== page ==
Keeping Hope Alive: Adam Hartke Discusses NIVA’s Lobbying Efforts

– Adam Hartke
More than seven months into the COVID-19 pandemic, it is clear that the live industry has been one of the hardest hit in the U.S. Pollstar has been reporting on the status of legislation aimed at saving the live industry, specifically the RESTART Act and the Save Our Stages Act, for months, and  the charge has largely been led by the National Independent Venue Association. At publication time NIVA informed Pollstar that the Save Our Stages Act had just secured its 200th cosponsor.

As the election looms large in just mere weeks, Pollstar spoke with Adam Hartke, co-chair of NIVA’s advocacy committee. He owns the venue Wave and is a partner in The Cotillion Ballroom in Wichita, Kan., and books Wichita Riverfest, which for the first time since 1970 did not stage. 
Pollstar: How has the shutdown impacted your businesses? 

Hartke: The venues we operate are running on fumes. We have been closed for seven months with negative revenue, we are over 100% revenue loss because we are doing so many ticket refunds. With the big spaces we have, with mortgages, utilities, the expenses are so high. We’ve gotten so little relief, and the relief we did get through PPP or EIDL loans, or some states have given grants, but those have all been a band aid. Many people have burned through those funds already and are running on fumes, like us, and facing a catastrophic situation.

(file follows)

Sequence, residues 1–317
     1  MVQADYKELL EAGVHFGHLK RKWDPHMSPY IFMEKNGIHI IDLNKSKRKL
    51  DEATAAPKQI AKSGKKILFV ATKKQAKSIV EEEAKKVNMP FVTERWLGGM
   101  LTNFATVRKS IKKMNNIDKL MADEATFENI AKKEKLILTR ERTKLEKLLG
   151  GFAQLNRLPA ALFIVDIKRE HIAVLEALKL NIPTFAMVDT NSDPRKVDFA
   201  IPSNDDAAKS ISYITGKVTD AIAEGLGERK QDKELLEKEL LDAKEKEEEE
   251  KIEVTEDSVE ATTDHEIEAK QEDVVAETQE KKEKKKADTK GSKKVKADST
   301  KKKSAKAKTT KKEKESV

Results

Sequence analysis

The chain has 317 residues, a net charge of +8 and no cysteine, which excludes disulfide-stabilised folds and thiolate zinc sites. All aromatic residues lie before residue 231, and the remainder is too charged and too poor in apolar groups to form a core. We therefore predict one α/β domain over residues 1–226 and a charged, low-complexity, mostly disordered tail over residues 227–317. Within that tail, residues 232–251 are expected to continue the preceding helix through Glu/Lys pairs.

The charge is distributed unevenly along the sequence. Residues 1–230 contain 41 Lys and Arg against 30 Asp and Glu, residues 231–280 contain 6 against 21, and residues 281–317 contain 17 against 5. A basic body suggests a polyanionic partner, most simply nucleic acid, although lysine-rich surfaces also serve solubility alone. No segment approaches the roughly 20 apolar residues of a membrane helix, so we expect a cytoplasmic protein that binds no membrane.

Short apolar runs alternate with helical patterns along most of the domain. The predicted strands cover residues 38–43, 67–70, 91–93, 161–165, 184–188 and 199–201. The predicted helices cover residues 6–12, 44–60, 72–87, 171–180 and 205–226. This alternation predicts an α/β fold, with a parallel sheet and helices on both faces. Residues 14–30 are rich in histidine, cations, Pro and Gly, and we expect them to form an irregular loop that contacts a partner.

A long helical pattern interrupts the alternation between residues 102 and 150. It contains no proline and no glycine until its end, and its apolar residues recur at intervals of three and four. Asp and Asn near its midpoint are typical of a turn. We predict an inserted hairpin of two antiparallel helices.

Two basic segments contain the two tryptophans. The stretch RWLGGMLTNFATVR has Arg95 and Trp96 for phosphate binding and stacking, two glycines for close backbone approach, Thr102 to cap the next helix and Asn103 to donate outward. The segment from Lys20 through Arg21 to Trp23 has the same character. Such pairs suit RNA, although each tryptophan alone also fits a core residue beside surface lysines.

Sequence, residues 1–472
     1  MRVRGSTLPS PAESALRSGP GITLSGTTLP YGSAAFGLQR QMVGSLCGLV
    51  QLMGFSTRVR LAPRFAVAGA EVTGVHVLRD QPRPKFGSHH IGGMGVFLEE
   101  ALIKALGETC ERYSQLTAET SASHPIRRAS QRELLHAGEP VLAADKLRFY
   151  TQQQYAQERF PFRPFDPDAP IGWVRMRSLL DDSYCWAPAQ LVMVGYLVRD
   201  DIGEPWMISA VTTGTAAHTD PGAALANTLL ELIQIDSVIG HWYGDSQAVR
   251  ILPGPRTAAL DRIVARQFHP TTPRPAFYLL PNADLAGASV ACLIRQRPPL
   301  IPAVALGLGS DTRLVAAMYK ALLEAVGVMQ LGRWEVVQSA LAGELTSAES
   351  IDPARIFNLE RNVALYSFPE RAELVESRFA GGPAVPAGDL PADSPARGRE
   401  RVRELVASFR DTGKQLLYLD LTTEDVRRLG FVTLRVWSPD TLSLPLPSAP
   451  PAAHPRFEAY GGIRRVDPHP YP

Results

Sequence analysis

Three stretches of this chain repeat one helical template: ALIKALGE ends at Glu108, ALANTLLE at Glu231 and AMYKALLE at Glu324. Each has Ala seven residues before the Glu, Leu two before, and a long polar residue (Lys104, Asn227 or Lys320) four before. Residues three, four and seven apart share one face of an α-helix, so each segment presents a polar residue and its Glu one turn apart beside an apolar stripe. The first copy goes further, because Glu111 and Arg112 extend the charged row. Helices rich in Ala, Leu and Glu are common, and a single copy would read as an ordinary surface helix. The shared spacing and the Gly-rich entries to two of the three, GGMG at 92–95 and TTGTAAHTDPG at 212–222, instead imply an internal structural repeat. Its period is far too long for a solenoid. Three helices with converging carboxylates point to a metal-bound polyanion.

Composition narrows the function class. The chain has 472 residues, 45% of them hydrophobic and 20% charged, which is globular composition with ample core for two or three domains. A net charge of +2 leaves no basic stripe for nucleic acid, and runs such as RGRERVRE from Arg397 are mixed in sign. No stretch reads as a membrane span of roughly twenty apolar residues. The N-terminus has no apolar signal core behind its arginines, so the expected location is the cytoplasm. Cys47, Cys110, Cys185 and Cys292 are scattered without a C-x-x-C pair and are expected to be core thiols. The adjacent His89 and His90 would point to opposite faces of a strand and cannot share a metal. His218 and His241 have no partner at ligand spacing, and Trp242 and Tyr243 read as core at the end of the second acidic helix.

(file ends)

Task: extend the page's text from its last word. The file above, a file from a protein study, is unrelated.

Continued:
Without federal aid, we are going to see a catastrophic loss of independent venues all over the country. Up to 90 percent of venues will close without help.
Was the #DoNotAbandonUs campaign a response to people not caring about venues? 

Well I think there’s a lot of people that do care. We’ve had more than 2 million emails sent to Congress on our behalf. Save Our Stages Fest was recently held online, that was presented by YouTube, Bud Light Seltzer, and Google. The artists, Foo Fighters, Miley Cyrus, Brittany Howard, Major Lazer, all these people truly do care what happens to independent venues. Even within the government in Congress, we are up to over 200 people supporting us. I don’t think it’s a lack of care, I think it’s what is happening currently in Washington and the fact that there hasn’t been a deal made on another round of stimulus isn’t just affecting venues, but workers, people facing eviction, it’s affecting our whole country. So it’s not just us being left out in the cold, it’s in the whole country at this point.
The #DoNotAbandonUs campaign was a cry for help not only from our industry, but other industries, the restaurant associations, all the other small businesses across the country, the workers that rely on those businesses to stay employed and keep their houses. That was from us as a country: Don’t abandon us.
So why can’t any aid get into a relief bill and passed through Congress?

When you have people running solely on what they think will get them elected and not what is the right thing to do, then you find the rest of the people in the country falling victim to that. It’s not about doing what’s right and helping people and approaching it from a compassionate standpoint, it’s getting through an election and [politicians’] electability. 

Would the narrow bills containing just PPP and a few other small measures be enough to help venues navigate the coming months?